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Publication numberUS20080259127 A1
Publication typeApplication
Application numberUS 12/145,103
Publication dateOct 23, 2008
Filing dateJun 24, 2008
Priority dateNov 15, 2004
Also published asEP1657060A2, EP1657060A3, EP1657060B1, US7399050, US7641303, US20060103692
Publication number12145103, 145103, US 2008/0259127 A1, US 2008/259127 A1, US 20080259127 A1, US 20080259127A1, US 2008259127 A1, US 2008259127A1, US-A1-20080259127, US-A1-2008259127, US2008/0259127A1, US2008/259127A1, US20080259127 A1, US20080259127A1, US2008259127 A1, US2008259127A1
InventorsJohn R. Andrews
Original AssigneeXerox Corporation
Export CitationBiBTeX, EndNote, RefMan
External Links: USPTO, USPTO Assignment, Espacenet
Drop emitting apparatus
US 20080259127 A1
Abstract
A drop emitting apparatus including a manifold, a viscoelastic structure acoustically coupled to the manifold, and a plurality of drop generators fluidically coupled to the manifold.
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Claims(9)
1. A drop emitting apparatus comprising:
a fluid manifold having at least one wall made of a viscoelastic material, the wall being in contact with fluid on the manifold side and at least in part in contact with air on the side opposite the fluid to allow the wall to attenuate acoustic energy; and
a plurality of drop generators fluidically coupled to the manifold.
2. The drop emitting apparatus of claim 1 wherein the viscoelastic material comprises an elastomer, adhesive or plastic material.
3. The drop emitting apparatus of claim 1 wherein the viscoelastic material is selected from the group consisting of acrylic rubber, butyl rubber, nitrile rubber, natural rubber, fluorosilicone rubber, fluorocarbon rubber, polyethylene, polymethyl methacralate silicone rubber, polyimide, polyether sulphone, polyetherimide, polytetrafluoroethylene, polyesters, polyethylene naphthalene.
4. The drop emitting apparatus of claim 3 in which the wall s comprised of a multilayer material having one layer being of the viscoelastic material, and the other layer being an adhesive layer consisting at least one of the adhesives: acrylic adhesives, silicone adhesives, epoxy adhesives, phenolic adhesives, acrylic-epoxy blends, thermoplastic polyimide adhesive, and phenolic adhesives blended with nitrile rubbers.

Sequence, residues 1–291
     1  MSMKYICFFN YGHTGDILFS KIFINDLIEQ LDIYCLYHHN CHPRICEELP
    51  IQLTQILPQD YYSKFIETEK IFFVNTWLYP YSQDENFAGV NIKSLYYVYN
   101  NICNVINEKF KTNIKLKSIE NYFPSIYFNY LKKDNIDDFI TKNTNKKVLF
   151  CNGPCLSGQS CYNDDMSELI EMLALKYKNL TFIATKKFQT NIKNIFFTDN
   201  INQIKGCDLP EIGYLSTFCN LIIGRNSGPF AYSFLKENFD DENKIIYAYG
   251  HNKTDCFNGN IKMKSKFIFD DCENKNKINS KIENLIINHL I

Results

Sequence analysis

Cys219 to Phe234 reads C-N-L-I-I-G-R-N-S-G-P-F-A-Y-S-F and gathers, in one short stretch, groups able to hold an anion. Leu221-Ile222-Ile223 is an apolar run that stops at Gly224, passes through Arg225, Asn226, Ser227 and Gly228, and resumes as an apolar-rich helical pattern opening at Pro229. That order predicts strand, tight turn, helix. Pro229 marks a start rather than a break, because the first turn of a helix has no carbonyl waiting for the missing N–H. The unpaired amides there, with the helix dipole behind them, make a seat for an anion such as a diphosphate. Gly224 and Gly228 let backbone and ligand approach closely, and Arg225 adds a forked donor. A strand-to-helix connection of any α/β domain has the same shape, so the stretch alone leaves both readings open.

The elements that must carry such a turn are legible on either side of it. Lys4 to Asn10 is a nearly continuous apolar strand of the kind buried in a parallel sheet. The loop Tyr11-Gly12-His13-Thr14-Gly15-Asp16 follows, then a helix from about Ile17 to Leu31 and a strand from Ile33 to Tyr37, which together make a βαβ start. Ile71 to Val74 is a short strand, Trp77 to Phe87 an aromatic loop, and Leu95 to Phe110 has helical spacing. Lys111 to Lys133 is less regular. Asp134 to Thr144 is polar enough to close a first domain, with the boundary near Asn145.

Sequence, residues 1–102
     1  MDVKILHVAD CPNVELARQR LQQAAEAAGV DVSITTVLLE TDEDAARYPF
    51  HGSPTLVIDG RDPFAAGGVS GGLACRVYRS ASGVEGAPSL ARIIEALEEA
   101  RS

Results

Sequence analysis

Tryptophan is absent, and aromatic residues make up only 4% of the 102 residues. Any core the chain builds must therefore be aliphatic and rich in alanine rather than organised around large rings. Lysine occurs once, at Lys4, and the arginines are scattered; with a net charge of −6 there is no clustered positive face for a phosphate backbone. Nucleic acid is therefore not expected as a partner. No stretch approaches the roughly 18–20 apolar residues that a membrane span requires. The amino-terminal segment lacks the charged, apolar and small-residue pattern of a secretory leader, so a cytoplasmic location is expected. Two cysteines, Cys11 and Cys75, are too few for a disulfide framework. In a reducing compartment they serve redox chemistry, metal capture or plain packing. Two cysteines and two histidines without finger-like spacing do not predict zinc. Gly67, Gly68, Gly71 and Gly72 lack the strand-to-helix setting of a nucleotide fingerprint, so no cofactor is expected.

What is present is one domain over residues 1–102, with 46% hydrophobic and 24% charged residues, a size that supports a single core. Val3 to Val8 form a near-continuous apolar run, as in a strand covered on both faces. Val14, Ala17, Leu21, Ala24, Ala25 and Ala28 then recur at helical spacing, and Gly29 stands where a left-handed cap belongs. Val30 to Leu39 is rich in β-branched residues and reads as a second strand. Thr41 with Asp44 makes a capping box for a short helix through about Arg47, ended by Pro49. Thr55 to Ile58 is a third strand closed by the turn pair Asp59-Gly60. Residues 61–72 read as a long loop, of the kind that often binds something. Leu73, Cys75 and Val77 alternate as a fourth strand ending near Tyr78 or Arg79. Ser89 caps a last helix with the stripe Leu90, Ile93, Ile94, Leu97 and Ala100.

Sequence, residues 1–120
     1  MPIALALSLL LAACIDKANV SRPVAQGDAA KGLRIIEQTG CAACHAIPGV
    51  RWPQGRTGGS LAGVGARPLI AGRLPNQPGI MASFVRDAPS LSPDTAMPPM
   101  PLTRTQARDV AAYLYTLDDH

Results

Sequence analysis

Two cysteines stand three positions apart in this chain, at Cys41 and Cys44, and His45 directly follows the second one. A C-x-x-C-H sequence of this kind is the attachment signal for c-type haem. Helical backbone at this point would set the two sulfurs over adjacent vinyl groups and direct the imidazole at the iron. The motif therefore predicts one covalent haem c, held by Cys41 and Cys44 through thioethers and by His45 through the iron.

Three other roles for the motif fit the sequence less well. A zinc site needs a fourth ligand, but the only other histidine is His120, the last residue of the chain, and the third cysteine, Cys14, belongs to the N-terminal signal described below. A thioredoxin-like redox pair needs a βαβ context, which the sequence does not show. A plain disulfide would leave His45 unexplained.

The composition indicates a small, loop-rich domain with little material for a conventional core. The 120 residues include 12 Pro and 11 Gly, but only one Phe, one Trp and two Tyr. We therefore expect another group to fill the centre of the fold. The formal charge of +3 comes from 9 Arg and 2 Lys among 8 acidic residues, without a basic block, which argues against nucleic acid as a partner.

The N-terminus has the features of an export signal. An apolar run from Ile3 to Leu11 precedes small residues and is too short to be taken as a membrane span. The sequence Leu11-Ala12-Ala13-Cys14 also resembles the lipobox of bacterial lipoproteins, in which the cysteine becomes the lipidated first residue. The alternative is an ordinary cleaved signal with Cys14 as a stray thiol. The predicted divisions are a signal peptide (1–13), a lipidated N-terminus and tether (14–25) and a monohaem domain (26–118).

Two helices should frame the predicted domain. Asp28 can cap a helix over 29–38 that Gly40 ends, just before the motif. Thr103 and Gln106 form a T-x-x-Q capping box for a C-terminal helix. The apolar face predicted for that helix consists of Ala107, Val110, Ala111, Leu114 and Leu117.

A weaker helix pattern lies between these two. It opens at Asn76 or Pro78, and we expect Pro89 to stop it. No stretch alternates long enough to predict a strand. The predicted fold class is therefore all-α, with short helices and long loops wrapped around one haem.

5. The drop emitting apparatus of claim 1 in which the wall comprises a structure having a first surface layer consisting of a first adhesive, a second surface layer consisting of a second adhesive, and a core layer which selected from the group consisting of acrylic rubber, butyl rubber, nitrile rubber, natural rubber, fluorosilicone rubber, fluorocarbon rubber, polyethylene, polymethyl methacralate silicone rubber, polyimide, polyether sulphone, polyetherimide, polytetrafluoroethylene, polyesters, polyethylene naphthalene and the first and second adhesives are selected from the group consisting of acrylic adhesives, silicone adhesives, epoxy adhesives, phenolic adhesives, acrylic-epoxy blends, thermoplastic polyimide adhesive, and phenolic adhesives blended with nitrile rubbers.
6. The drop emitting apparatus of claim 5 in which the viscoelastic wall is bonded to form a manifold wall on one side and bonded to a second layer on the opposite side in which the second layer does not constrain the viscoelastic layer over at least part of the manifold.
7. The drop emitting apparatus of claim 6 in which the multilayer viscoelastic layer is bonded to form a manifold wall on one side and bonded to a second layer on the opposite side in which the second layeris unconstrained.
8. The drop emitting apparatus of claim 1, wherein the viscoelastic substrate further comprises a heater.
9. The drop emitting apparatus of claim 1, wherein the viscoelastic substrate further includes a circuit on the substrate.
Description
  • [0001]
    This application is a continuation of, and claims priority to, U.S. application Ser. No. 10/990,229 filed Nov. 15, 2004.